The recently-gazetted public health guidelines aimed at curbing the spread of Covid-19 have put Malawi Electoral Commission (MEC) in a tight corner on how to conduct by-elections in vacant constituencies.
Before the public health guidelines, which include banning of gatherings of over 10 people, came into effect, the Presidential Task Force on Covid-19 gave MEC a go-ahead to conduct elections in areas that have fallen vacant.
MEC has to hold by-election in Mangochi West, Mangochi North East, Phalombe North, Lilongwe North West and Karonga Central to ensure that people in those areas have members of Parliament (MPs) representing them in national development.
MEC spokesperson Sangwani Mwafulirwa in an interview on Tuesday said the electoral commission will have to engage relevant stakeholders on the way forward after which they will issue a statement
He, however, could not say when the consultations will take place.
Said Mwafulirwa: “We appreciate that the constituents need MPs to lead them, but there is a need to take all necessary precautions to avoid putting people’ lives at risk by breaching laws aimed at curbing the spread of the pandemic.”
Attorney General (AG) Chikosa Silungwe in a separate interview advised MEC and the Ministry of Health to see how best the elections can be managed, particularly on the issue of managing public gatherings in campaigns.
He said: “It is possible to have an election but there will have to be a conversation on how the by-elections will be conducted.”
Silungwe maintained that public gatherings have been defined as a grouping of not more than 10 people.
On his part, Malawi Congress Party (MCP) spokesperson Maurice Munthali said the party will follow whatever MEC and government decide.
He said: “We implore MEC to consider the magnitude of the pandemic while at the same time look at how we can comply with the constitutional right of the people to choose somebody to represent them. MCP is ready to contest in the elections, should they be organised.”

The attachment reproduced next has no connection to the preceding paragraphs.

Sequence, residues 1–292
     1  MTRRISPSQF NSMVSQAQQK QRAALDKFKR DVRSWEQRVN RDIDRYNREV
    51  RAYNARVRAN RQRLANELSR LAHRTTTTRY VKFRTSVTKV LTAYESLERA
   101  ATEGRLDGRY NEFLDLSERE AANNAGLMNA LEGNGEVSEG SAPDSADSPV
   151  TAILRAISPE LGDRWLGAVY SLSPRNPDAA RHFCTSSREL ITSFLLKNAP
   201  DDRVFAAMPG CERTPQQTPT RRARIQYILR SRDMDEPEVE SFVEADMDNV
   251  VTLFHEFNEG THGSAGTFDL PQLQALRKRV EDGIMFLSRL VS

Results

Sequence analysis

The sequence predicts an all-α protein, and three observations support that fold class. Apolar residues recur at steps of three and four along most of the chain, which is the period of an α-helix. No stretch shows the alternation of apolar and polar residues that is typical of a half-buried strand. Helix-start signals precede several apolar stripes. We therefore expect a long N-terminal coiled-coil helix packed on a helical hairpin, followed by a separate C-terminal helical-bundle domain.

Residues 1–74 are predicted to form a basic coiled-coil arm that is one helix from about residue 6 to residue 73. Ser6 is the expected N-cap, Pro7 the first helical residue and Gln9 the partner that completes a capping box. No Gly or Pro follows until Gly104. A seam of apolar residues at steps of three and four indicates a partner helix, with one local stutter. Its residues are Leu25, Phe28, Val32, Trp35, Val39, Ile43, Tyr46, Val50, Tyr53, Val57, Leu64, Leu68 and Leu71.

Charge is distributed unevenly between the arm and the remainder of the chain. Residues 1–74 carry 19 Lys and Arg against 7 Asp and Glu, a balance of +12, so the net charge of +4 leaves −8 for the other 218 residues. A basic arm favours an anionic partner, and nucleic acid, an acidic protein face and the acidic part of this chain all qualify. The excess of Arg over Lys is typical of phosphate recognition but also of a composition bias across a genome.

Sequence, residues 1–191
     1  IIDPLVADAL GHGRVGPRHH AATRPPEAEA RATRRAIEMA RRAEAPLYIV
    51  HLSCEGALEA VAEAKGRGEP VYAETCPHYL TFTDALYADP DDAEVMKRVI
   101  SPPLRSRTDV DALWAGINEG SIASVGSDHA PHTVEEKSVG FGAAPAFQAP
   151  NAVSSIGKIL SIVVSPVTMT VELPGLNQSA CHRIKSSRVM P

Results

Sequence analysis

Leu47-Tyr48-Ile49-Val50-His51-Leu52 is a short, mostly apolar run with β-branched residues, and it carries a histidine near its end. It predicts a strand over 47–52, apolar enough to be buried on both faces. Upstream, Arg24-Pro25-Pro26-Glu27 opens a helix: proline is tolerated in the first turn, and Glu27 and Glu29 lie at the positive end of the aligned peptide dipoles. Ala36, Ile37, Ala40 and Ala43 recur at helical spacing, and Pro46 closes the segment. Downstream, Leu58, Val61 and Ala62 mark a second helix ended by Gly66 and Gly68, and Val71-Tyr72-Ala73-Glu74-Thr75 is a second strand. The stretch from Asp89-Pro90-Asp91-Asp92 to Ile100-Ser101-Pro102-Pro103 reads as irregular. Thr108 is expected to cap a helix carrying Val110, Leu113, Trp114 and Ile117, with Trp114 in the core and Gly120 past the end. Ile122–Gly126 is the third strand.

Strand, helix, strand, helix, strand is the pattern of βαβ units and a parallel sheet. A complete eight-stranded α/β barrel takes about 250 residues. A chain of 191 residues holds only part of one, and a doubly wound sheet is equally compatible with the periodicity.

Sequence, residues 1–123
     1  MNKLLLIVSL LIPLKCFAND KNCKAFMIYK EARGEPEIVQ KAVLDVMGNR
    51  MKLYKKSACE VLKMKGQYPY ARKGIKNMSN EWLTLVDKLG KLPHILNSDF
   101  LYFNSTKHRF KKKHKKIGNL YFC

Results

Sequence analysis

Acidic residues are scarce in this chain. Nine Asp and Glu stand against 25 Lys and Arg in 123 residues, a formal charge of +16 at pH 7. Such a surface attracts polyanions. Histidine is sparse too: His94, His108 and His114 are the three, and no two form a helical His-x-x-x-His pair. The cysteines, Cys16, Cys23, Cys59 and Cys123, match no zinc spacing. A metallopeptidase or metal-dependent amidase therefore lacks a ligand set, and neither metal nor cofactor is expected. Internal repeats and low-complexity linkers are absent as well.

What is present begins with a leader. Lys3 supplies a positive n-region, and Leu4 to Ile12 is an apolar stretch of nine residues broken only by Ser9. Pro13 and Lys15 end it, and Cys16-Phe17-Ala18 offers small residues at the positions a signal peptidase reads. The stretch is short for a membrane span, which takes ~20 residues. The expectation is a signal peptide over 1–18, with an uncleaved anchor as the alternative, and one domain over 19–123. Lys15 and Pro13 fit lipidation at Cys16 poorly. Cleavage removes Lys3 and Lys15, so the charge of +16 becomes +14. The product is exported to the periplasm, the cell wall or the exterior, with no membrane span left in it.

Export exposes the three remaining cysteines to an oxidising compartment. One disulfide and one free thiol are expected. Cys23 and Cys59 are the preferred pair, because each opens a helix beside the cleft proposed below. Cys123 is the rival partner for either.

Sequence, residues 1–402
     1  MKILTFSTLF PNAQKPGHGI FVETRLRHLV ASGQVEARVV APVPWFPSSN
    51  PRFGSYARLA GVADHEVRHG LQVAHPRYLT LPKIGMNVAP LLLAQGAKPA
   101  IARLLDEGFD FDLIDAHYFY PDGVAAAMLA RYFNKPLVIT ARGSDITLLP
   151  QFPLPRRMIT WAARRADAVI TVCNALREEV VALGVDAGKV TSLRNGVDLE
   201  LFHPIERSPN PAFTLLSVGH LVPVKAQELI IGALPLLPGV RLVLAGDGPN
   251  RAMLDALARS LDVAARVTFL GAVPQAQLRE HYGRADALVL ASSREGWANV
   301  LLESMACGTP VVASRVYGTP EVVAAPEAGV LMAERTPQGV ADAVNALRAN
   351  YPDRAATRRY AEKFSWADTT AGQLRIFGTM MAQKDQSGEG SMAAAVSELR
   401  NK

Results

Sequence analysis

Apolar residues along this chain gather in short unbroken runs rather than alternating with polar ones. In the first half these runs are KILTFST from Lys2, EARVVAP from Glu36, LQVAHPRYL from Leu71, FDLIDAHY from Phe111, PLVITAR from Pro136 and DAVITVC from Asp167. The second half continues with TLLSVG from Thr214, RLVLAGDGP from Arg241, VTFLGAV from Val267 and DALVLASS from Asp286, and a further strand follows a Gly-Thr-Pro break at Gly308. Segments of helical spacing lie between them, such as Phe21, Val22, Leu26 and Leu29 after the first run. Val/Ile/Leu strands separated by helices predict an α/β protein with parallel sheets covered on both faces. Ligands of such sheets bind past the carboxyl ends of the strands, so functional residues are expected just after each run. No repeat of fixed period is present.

United Democratic Front secretary general Kandi Pandambo also said his party is ready for the election, adding that parties, through the Centre for Multiparty Democracy, already left the decision in MEC’s hands during a consultation meeting last week.
However, he said just like in the June 23 presidential elections, measures can be put in place on how best the elections can be conducted.
Democrat Progressive Party (DPP) spokesperson Nicholas Dausi and DPP secretary general Greselder Jeffrey did not pick up their phones when called for their comments.
Meanwhile, Independent Political and Social Analysts Thinktank founder Ken Msonda, who is also a DPP member, said it will be hypocrisy for government to hold elections that will expose thousands of people to Covid-19, particularly when it is barring religious gatherings of more than 10 people.
He said government needs to review the limitation on religious gatherings, saying places of worship provide people with solace or answers during a crisis. He called on religious groups to seek court redress saying the current guidelines are a fight against churches.
Government limited all public gatherings to 10 people except for funerals, National Assembly deliberations, and meetings on Covid-19.
Elections bring thousands of people together, especially when politicians undertake campaigns.
Prior to the June 23 presidential election, government limited public gatherings to 100 people. But the campaigns saw thousands gathering during rallies and voters also went in large numbers to cast votes.